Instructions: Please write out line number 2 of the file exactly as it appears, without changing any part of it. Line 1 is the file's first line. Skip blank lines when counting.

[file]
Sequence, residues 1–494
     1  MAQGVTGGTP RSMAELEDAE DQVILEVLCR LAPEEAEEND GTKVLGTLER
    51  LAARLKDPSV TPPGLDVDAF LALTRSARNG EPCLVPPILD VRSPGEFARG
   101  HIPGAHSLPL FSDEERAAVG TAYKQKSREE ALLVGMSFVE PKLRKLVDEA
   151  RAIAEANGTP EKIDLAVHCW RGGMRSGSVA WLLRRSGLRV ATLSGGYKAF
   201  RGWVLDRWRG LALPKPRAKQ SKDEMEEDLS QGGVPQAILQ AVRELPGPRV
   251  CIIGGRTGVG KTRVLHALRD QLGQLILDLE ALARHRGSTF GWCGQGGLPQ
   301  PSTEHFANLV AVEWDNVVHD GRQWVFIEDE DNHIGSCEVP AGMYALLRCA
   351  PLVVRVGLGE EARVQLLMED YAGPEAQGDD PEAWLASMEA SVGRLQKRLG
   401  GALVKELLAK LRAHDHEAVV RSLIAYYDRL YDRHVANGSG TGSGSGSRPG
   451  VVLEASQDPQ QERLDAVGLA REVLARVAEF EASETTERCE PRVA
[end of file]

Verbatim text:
     1  MAQGVTGGTP RSMAELEDAE DQVILEVLCR LAPEEAEEND GTKVLGTLER